Sahiwal incident led by CTD had taken place hours ago. The sick in the stomach feeling was quite fresh. Policing system in the sub-continent is more like an extortionist network build to protect the elites. Designed to suit the colonist, it is inherently corrupt, self-serving and misogynistic. This is the kind of impression you get from interaction with the ‘force’ on the roads of our 3rd world countries, or from the stories you hear from friends and family.
So, when I started watching the much acclaimed Soni, I wondered what new this film could offer. Boy was I wrong!
As a male, belonging to a middle class educated family, my privilege had tainted my view. Soni is a horrendous narration of how life is for a female in our society. There is no story as such. The camera narrates the lives of Kalpana (Saloni Batra) a middle ranked police officer in Delhi and her junior Soni (Geetika Vidya Ohlyan). Director Ivan Ayr doesn’t waste any time and gets right to the core of the problem. Soni is cat called in sexually explicit terms as she rides on her cycle in the narrow lanes of Delhi. Once the attacker touches Soni, she reacts. This act of self-defence turns the aggressor into the victim.
Kalpana understands Soni’s frustrations. She perhaps wants to be her but for her position in the society as someone who has some power and is married to a higher ranked police officer. She feels that Soni needs to be curtailed. She is afraid that she might end up hurting herself. But people associate Soni with her. In this work environment, she is not a good friend to have. But Kalpana, never cuts her lose.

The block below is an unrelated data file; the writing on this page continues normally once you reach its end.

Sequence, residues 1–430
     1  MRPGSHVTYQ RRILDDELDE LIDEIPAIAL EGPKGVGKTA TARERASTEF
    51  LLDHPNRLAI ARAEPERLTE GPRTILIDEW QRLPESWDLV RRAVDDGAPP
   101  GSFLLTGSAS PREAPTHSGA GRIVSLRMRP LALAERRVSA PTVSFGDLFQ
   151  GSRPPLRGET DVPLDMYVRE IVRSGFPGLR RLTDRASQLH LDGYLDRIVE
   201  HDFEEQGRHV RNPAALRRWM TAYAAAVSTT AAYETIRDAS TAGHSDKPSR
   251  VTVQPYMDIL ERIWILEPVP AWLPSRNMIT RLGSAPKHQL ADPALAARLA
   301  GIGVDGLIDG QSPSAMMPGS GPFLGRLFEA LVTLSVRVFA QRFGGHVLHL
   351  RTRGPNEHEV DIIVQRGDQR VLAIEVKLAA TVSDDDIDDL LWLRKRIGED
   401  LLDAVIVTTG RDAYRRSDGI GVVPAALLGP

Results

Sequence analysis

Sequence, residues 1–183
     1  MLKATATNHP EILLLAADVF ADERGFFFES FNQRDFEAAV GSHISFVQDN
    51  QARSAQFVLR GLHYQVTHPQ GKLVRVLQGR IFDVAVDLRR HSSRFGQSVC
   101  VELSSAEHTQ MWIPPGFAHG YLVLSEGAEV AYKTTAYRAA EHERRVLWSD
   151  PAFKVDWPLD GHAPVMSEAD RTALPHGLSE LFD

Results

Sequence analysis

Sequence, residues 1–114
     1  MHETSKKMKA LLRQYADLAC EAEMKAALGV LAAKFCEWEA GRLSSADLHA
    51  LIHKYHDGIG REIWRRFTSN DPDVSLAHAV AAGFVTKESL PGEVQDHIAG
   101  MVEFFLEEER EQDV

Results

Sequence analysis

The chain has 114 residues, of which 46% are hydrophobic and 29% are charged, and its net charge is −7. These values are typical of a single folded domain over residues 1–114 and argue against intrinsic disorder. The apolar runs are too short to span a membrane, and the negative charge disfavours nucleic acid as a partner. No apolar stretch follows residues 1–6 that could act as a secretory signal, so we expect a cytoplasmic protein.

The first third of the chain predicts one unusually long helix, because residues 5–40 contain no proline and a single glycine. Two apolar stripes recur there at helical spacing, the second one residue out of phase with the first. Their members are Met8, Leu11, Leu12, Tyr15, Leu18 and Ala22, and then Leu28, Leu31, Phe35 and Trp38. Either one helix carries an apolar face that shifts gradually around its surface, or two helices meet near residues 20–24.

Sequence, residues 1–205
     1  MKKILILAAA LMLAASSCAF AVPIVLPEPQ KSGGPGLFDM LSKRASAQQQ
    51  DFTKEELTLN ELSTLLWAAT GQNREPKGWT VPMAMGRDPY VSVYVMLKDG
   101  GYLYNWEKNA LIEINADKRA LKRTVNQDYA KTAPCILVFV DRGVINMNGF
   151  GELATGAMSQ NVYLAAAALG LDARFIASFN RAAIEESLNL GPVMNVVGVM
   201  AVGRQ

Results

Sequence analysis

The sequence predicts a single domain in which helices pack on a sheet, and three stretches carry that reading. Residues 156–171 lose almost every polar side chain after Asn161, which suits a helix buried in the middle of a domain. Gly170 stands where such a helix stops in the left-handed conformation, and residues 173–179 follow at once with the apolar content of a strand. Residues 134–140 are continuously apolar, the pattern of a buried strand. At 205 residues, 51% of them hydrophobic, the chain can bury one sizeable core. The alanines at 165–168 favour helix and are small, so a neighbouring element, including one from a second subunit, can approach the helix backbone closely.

Soni, on the other hand is alone in her battles. She has had a failed marriage and now perhaps desires to take life head on. You want her to run away from confrontation that would be the wise thing to do. But you also want to her to be true to her fierce nature. The relationship between the two women in an inherently sexist setting is what makes this journey so painful and real.
The side characters in the husband of Kalpana, and the loving neighbour aunt of Soni push them to accept gender roles and bow their heads to the needs of the society. Soni pushes back fiercely, while Kalpana navigates as a wife, as a sister, as a daughter and as an aunt. They have achieved what most women don’t. A position they can use to varying degrees to fight off sexism. But is that enough?
At varying points in the film, characters discuss how women can survive in this world. Wear a pant shirt n a topi to look like a boy one says. Wear a sindur even if you are not hindu or married. Make an official compliant after running away from the situation. The aggressor’s actions are being tolerated simply because they are male.
The nuance with which the director (and co writer) deals with these two women is beautiful. Kalpana, wants to help Soni’s fight. In a way she out sources her anger to her. She is fighting for the both of them or perhaps women in general. She understands that what Soni faces is way more dangerous than the pressure she gets from her husband or her superiors.
A no point this becomes a film. Dramatic scenes are cut off before the ‘action’ begins. Narrative defining tales are spoken in subtle hints. As I said before camera happens to follow the lives of these two women. The two actors are just sublime. Saloni Batra is having a hard time trying to balance her role as a wife, a senior police officer with future prospects and someone who wants to just end this night mare of a life in which her 13 year old niece is not safe from the male oppression. Whereas Soni, switches from her disquiet to a raging being in a split second. It is not over bearing because it’s genuine. The one take shots helped built that sense of unease these characters feel.
This isn’t your everyday flick that you will enjoy and forget. Soni will leave a lasting impression; if you are willing to listen